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Research Services

In our previous post on stem cells, we discussed how human-derived induced pluripotent stem cells (iPS) are being used to model “disease in a dish.” Making stem cells from terminally differentiated cells is still relatively new technology. Shinya Yamanaka first described the technique in a 2006 publication, and labs across the world now use his basic principle of turning back the clock on cells through the introduction of transcription factors. There are a lot of questions biomedical researchers and pharmaceutical companies can address using iPS cells to model disease. But what if you are not a stem cell specialist?

stem cellsInduced pluripotent stem cells are available for purchase as a research tool, either as terminally differentiated cells, or as stem cells (shown here). Image source reference [1]
The most straightforward option, for researchers who do not want to invest the time and money to become a “stem cell lab,” is to buy terminally differentiated stem cells. Launched last July, Cellular Dynamics International (CDI) has a product line called MyCell Services that makes “disease in a dish,” to order. To do this, customers send in samples of patient blood and CDI generates iPS cells from blood. Some of those cells are stored, while some are differentiated into the customer’s cells of interest. The customer receives 96-well plates of terminally differentiated cells (e. g. neurons) for their experiments. Because CDI banks the iPS cells, the customer can order more plates of differentiated cells as needed. It allows anyone to test their hypotheses about human disease in specific patient populations, an innovation that earned them a place on The Scientist’s “Top Ten Innovations of 2012” list.

CDI also offers a less customized service, one that is useful for in vitro drug discovery or toxicology screening. They make iPS cells for purchase that have been terminally differentiated into cardiomyocytes, endothelial cells, hepatocytes, or neurons. This service provides researchers with hard-to-access primary human cells, at a lower cost than customized reprogramming.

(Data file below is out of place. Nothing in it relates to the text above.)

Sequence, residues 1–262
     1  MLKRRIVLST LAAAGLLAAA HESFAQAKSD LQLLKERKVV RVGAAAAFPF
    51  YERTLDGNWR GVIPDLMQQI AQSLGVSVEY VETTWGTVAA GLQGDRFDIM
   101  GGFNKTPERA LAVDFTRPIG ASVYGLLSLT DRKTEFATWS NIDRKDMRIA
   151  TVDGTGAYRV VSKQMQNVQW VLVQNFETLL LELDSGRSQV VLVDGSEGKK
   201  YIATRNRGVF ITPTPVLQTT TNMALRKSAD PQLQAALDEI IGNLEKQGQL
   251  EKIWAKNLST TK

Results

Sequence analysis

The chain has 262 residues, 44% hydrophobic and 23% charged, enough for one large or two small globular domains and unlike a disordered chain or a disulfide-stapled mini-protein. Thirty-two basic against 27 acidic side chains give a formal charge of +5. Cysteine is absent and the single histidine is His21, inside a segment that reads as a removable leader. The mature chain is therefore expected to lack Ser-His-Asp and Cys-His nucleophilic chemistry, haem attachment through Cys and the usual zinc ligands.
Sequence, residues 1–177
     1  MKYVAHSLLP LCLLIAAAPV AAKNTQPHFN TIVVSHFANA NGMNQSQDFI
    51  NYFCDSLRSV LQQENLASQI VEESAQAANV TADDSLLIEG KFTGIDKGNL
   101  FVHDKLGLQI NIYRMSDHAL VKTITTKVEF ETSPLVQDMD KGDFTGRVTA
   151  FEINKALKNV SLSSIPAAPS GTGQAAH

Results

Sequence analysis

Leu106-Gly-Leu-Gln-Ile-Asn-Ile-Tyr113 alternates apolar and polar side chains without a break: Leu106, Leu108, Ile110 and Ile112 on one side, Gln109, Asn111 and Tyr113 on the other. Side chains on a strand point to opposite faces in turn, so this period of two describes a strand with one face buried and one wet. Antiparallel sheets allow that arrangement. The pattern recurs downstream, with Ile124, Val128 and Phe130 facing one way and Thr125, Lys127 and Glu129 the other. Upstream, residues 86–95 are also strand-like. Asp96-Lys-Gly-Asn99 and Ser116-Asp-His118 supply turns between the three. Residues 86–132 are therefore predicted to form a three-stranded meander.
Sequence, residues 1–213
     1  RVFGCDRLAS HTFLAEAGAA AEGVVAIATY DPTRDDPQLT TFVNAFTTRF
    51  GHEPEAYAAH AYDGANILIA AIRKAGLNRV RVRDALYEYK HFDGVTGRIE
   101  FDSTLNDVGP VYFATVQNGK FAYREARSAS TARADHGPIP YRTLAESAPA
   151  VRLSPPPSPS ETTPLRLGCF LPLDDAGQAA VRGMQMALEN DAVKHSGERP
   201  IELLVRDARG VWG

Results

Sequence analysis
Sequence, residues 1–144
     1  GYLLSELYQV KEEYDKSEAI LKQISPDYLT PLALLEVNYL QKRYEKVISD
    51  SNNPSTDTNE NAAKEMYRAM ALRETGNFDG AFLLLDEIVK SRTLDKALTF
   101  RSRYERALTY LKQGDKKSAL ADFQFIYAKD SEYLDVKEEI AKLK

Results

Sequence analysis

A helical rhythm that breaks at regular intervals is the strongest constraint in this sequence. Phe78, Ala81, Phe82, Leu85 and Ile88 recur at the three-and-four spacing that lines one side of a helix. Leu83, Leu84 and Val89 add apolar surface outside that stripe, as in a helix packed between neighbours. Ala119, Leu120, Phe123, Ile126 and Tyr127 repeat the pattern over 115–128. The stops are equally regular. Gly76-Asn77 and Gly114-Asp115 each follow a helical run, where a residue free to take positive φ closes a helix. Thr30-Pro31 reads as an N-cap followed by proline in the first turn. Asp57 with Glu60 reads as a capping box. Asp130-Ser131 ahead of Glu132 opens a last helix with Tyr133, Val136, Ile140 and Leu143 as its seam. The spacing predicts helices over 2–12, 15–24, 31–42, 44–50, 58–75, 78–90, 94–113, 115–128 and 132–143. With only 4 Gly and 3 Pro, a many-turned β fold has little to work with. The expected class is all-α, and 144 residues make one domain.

One step back from receiving differentiated cells is receiving reprogrammed cells. A few companies distribute iPS cell lines. StemGent has a custom service that reprograms cells for customers, delivering iPS cells in return. System Biosciences has several stocks of iPS cell lines that they have generated, including lines from patients with specific diseases. Here, it’s possible to purchase “disease in a dish,” with iPS cell lines derived from patients with type I or type II diabetes, muscular dystrophy, glioblastoma, ALS, Parkinson’s disease, and Metachromatic Leukodystrophy. For a more DIY approach, Millipore makes an iPS cell reprogramming kit and all the culturing reagents needed to go with the nascent stem cells.

With growing interest in using human iPS cells for research and development comes growing demand from non-stem cell specialists. Outsourcing options are just beginning to show up in the market, and it’s a niche that’s sure to grow. Fortunately, research using stem cells is not off-limits to non-stem cell researchers. While it continues to be an independent field of research, it has matured to the point of being a tool, as well.

References

Image source: http://www.newswise.com/articles/discovery-of-reprogramming-signature-may-help-overcome-barriers-to-stem-cell-based-regenerative-medicine


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